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THE STRATEGY AROUND RECRUITMENT – A COMMODITY OR A SERVICE?

Posted on October 01, 2015


Do you view recruitment as a commodity or a service? Or have you not really thought about it? It's an interesting question and one which companies in the energy sector need to consider carefully. As the number of recruitment businesses in the oil and gas sector has increased (with at least 80 having a physical base in Aberdeen, for example, and over 250 operating in the city) many companies have, perhaps unintentionally started to view recruitment as a commodity. Price is often the main focus - which recruiter can offer the cheapest rates?

But is that the right approach? After all, businesses are only as good as their employees, so shouldn't more thought be put into which recruitment consultancies are used to source key talent?

If you are currently trying to determine your strategy around recruitment, there are a number of key points to consider.

The first is access to candidates. In order to get access to the best candidates, a common misconception is that you need to go to one of the large and well established recruitment companies. In fact, the exact opposite can sometimes be true; the large recruitment businesses tend to have contracts in place with numerous companies, which then significantly reduces the pool that they can 'fish' from. So it may seem counter-intuitive, but a smaller company with less restrictions can be a significant advantage as they may have a far broader reach.

Larger companies may have the benefit of a much bigger database, but with the latest recruitment technology available today, how much should a recruitment business rely on 'old tech' databases anyway? Certainly not as much as they used to, that's for sure.

The impact of rate reductions is also an important factor. There is a fine balance to be struck here. Whilst we are currently in a challenging market and need to work with companies accordingly, there is still an element of competition between clients in order to attract the correct calibre of candidate. Recruitment businesses will endeavour to meet the needs and demands of their clients but they equally need to protect their own business in these market conditions and will have a focus on servicing those companies which are still offering competitive rates.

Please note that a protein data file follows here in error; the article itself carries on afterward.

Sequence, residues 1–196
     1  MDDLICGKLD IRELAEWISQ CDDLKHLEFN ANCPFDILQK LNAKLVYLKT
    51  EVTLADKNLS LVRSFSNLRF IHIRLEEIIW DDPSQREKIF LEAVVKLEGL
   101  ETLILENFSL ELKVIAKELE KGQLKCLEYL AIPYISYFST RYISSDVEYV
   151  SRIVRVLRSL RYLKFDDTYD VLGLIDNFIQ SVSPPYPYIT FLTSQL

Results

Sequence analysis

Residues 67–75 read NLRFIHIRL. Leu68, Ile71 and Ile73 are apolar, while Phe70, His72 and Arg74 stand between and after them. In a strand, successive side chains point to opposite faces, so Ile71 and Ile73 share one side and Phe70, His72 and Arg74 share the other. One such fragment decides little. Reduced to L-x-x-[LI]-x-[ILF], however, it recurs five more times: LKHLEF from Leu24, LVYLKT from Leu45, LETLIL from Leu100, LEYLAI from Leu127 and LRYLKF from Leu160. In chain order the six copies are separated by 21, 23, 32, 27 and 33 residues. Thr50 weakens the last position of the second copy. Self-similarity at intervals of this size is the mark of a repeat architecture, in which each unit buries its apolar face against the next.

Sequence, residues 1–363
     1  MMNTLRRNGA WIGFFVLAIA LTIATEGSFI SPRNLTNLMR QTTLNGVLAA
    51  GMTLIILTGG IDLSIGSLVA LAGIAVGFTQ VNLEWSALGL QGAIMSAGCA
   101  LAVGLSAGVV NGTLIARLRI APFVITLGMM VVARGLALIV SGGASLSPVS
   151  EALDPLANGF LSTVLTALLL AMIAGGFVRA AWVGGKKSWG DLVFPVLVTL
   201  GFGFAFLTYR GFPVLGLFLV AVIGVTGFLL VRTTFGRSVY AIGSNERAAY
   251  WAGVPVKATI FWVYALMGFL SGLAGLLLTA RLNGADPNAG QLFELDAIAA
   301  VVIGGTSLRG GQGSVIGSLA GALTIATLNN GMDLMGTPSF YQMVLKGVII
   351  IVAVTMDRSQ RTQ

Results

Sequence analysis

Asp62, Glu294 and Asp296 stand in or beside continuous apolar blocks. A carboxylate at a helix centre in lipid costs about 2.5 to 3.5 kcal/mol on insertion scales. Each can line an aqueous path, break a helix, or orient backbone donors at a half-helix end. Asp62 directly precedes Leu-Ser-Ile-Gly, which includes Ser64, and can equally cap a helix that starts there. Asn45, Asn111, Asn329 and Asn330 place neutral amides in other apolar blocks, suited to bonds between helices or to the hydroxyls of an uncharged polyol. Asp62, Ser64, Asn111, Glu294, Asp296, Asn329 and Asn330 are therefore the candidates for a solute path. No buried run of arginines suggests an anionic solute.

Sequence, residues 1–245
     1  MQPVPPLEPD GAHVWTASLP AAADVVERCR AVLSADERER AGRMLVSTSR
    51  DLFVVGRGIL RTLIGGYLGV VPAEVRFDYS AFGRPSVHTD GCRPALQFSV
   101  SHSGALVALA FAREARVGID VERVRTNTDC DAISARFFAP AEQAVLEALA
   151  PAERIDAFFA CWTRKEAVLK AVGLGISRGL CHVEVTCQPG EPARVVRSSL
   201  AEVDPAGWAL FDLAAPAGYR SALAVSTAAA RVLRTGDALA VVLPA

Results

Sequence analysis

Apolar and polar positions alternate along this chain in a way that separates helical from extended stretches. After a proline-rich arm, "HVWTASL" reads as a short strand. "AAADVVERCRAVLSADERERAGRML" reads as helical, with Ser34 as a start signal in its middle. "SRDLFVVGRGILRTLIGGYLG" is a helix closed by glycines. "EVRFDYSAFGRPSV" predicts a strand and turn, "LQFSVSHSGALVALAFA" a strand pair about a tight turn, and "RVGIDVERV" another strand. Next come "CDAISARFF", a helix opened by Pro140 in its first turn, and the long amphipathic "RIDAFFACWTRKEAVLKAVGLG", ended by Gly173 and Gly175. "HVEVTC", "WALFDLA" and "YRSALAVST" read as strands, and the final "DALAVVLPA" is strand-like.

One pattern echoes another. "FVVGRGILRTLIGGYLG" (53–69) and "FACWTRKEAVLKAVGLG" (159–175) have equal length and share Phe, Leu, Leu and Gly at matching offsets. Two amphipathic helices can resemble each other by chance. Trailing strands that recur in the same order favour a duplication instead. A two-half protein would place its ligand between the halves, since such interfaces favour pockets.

Preferred supplier lists are next on the list of considerations. They absolutely have their place in the sector, but what are the implications of issuing a job specification to five or more agencies at the same time? It means that recruitment agencies will be tripping over each other calling the same candidates, which can then have a detrimental impact on reputation of the end client.

The recruitment game is all about conversion and the more agencies working on a role, the lower the chances of conversion. Recruitment consultants will naturally prioritise roles that they have a better chance of filling, so ironically, better service normally comes from putting a job out to fewer agencies.

Last but certainly not least is the issue of quantifying true recruitment spend. We sometimes hear companies and their C&P departments talking about their 'recruitment spend' as being in the millions of pounds. But the reality is that the vast majority of that spend is actually on the salary or day rate cost of contractors and other temporary workers, which they would have regardless of the recruitment provider. The gross margin going to the recruitment companies is a small proportion of the cost of the contractors in comparison and, in my opinion, there are many companies out there that don't have a true understanding of what this cost is. If you don't know the true cost of your recruitment activity, how can you measure success with a new strategy?

So where am I going with all this? I think the industry needs to be very careful that it doesn't lose sight of the fact that the up-cycle will come. And when it comes, companies need to be absolutely clear about their recruitment strategy and positioning. There is a perceived glut of available talent now but this will not last long as a number of people will essentially exit the sector either to retirement or other industries.

At Simpson Booth, we pride ourselves on the quality of the service we provide and the strong partnering relationships we build with our clients. We are not the cheapest provider of recruitment and HR consultancy services in the sector, nor would we want to be. We do however strive to be one of the more innovative and high quality service providers.

Whilst I am obviously going to champion the benefits of using Simpson Booth, there are also many other good quality recruitment businesses in the sector. We need to be careful that the current state of the oil and gas market doesn't force them all to move their focus to another industry, or worse still, out of business. There have been several casualties of the oil price crash in the recruitment sector already, and there will be more to come.

So if you are pondering the future and how best to implement a strategy around recruitment, it's important to think carefully about whether you believe it to be a commodity or a service, who do you want to represent your business in the market place, what price are you willing to pay for it and what value you will be getting?


By Nina El-Imad, of Simpson Booth